Naming the class with JQuery

Note: This lesson requires pictures of your classmates. If you are a fast moving student, you may have arrived at this lesson before all of your classmates have uploaded their pictures. If so, skip this lesson for now and return to it later.

This exercise draws on JQuery, a very powerful and popular JavaScript library, to construct an interactive web experience that links your classmates' names with their pictures. You will be asked to paste or type in a few lines of code that probably won't make a lot of sense at this point. No worries. One of the goals of this lesson is to give you a taste of jquery to whet your appetite for later in the semester when we will learn a lot about coding. For now, just follow the instructions and enjoy the ride! 

1. Enough Talk. For this exercise you need a pictures of all of your classmates. You should be able to find a link to a webpage that has pictures of everyone in your class at You can access these pictures by right-clicking on each one and saving it. Be aware, however, that all of those pictures are named me.jpg and you will have to rename each one appropriately.  So, create a folder named images inside of your mysite folder, right-click on each of your classmates and and save each of their pictures into the mysite/images folder. As you name the images, follow best practices by avoiding  spaces in the names. If a student is named John Brown, for example, save his picture as john.jpg, john_brown.jpg, or use what is known as 'camel case' (where the second word is capitalized) and save it as johnBrown.jpg.    

2. Open the classmates.html document that you created in the previous (hyperlinks) lesson with Brackets. 

3. As we mentioned, this exercise requires JQuery. Enable it by adding the following code:


just before the </head> tag, to connect your document to the latest (as of 8/20/18) version of the jquery library.

4. Insert all of the images into your web page, just after the body tag. To insert an image that is in a folder, you have to include the name of the folder as part of the path. As this screen capture shows, classmates.html, the file that you are working with, sits next to the images folder that contains all of the pictures of your classmates:

Screenshot showing relationship of classmates.html to images folder

Therefore, the code for inserting an image named john.jpg that is inside of your images folder would be

 <img src="images/john.jpg">

In this case your task is to insert a series of images just after the body tag as shown here:

 <img src="images/john.jpg"> 
 <img src="images/mary.jpg"> 
 <img src="images/bill.jpg">  

The best strategy is to insert one image, make sure that everything works by previewing classmates.html in your browser, and then copy, paste, and modify your code to bring in all of the additional images.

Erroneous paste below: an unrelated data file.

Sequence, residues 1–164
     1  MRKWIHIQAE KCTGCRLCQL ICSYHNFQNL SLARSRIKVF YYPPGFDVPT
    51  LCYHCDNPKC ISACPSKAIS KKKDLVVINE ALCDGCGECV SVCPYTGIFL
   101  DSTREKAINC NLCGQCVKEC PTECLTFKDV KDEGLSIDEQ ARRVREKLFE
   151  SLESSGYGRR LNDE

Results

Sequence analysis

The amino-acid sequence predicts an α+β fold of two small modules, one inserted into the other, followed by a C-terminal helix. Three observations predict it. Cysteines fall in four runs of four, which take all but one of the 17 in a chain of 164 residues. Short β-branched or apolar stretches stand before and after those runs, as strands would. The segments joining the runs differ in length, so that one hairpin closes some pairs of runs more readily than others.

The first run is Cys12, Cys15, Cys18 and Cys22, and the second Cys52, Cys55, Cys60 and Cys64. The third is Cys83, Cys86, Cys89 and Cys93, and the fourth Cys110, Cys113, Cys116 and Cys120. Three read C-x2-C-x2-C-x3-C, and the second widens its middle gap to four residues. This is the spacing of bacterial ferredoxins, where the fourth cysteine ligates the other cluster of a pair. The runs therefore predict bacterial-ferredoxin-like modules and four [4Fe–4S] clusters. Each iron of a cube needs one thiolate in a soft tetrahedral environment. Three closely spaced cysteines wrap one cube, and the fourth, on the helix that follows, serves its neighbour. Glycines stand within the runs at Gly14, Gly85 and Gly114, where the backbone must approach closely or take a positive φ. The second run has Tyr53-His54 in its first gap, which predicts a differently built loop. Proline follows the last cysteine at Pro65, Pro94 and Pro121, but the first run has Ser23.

5. Once all of the images are in place, you may notice a problem. The pictures more than fill up the entire page. Fortunately, there is a magic jquery solution for that problem. Just after the script that calls the jquery library, paste this line of code:

<script>$(function() {  $('img' ).css("width", 15 +'%');$('img' ).css("height", 15 +'%'); }); </script>

When you preview this document in the browser,  all images in this document should shrink to 15% of the browser window's width. By the way, you can shrink or expand the images simply by changing 15 to a smaller or larger number.

6. Right below the script that you just pasted in, add this one:

<script> function whois(person){$('#thename').html(person);} </script>

This script creates a function named 'whois' that will display each student's name in a div tag titled 'thename.'  You will learn a LOT about div tags later on, but just follow instructions for now. 

7. Now, insert the div tag titled thename just after the  <body> tag so that it will appear at the very top of your page:

<div id='thename'>   </div>

8. Call the whois function.  Calling the function is easy. For a student named John, you simply find the reference to his picture in your HTML, and add code to it that calls the function whenever a user moves his or her mouse over the picture. In the case of john,

<img src="images/john.jpg">  

would become

<img src="images/john.jpg" onmouseover="whois('John')" >

Call the function for one of your classmate's images and test it in your browser. Did it work? If so, repeat these steps for all of your classmates. 

9. Even if everything is working properly, aren't you disappointed that those names appear in such a small font size? To fix that problem, simply add a bit of 'inline css' to the div tag (thename) that displays the names:

<div id='thename' style="font-size:40px">   </div> 

10. FINALLY... Mouseover works great with 'mice' but what if your user is using a tablet or smartphone? To accommodate mouseless users, add the following 'mousedown' function immediately after the semicolon that ends the mouseover function:

onmouseover="whois('John')" ; onmousedown="whois('John')" ;   

Don't forget those semicolons! 

One last point. If you do not see all of your classmate's names as you mouse over their pictures it may be that the div tag that displays their names is not visible because it is at the top of the page and you have scrolled past it. Try resizing your browser window to resolve this problem or (more drastically) experiment with altering the script that shrinks pictures to 15% of the browser window to a smaller percentage.

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